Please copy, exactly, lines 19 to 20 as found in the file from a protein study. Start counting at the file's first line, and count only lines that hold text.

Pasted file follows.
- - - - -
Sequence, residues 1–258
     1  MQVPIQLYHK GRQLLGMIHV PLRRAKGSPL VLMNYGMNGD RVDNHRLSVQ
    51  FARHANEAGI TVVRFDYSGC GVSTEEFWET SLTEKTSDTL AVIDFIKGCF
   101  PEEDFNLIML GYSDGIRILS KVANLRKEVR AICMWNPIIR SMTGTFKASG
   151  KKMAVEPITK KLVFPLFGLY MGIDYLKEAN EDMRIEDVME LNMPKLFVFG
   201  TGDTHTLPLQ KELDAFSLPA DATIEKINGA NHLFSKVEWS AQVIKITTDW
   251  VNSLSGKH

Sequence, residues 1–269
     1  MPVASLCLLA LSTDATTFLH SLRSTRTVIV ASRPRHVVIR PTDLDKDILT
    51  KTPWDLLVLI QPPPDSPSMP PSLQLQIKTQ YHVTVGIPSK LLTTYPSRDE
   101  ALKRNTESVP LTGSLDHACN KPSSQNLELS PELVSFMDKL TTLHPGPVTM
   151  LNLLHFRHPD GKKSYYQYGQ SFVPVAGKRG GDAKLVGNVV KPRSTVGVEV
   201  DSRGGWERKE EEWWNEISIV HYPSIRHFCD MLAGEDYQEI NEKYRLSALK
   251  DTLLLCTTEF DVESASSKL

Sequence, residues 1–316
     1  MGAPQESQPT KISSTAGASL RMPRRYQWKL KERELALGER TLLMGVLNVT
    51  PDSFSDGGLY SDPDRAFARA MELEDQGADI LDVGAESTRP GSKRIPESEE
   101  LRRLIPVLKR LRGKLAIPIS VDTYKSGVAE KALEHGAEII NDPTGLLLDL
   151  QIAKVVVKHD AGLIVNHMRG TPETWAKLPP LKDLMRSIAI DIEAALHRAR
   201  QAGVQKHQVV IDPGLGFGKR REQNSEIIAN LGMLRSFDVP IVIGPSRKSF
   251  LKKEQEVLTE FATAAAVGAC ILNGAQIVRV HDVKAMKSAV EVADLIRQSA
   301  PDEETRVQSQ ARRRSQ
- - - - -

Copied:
   151  QIAKVVVKHD AGLIVNHMRG TPETWAKLPP LKDLMRSIAI DIEAALHRAR
   201  QAGVQKHQVV IDPGLGFGKR REQNSEIIAN LGMLRSFDVP IVIGPSRKSF